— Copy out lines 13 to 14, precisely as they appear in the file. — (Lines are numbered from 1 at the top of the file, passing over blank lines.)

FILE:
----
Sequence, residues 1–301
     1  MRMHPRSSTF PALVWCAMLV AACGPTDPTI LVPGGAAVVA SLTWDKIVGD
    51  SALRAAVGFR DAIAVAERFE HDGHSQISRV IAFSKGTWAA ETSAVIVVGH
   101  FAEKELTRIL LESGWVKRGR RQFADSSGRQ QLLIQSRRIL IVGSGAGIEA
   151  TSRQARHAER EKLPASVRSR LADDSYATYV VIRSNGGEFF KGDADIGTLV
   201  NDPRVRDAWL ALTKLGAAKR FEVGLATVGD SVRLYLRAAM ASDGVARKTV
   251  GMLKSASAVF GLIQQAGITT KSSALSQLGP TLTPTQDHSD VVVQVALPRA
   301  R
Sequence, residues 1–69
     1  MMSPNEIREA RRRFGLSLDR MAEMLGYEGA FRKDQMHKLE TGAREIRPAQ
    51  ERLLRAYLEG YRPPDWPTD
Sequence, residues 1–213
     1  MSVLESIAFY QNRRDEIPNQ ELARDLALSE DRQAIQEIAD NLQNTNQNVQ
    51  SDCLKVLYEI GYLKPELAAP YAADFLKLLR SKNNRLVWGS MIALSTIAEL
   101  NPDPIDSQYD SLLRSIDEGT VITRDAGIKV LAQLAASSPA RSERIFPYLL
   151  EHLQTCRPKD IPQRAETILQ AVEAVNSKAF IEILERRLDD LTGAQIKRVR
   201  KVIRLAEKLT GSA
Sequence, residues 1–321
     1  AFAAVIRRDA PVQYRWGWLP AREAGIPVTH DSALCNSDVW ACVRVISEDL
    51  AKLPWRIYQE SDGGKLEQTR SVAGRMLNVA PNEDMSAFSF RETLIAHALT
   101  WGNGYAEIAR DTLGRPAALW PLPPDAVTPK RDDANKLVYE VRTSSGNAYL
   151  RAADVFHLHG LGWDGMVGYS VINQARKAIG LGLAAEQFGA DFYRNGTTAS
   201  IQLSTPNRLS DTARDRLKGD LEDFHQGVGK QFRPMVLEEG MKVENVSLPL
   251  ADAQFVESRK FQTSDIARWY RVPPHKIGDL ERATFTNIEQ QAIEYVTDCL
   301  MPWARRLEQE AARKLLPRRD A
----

     1  MSVLESIAFY QNRRDEIPNQ ELARDLALSE DRQAIQEIAD NLQNTNQNVQ
    51  SDCLKVLYEI GYLKPELAAP YAADFLKLLR SKNNRLVWGS MIALSTIAEL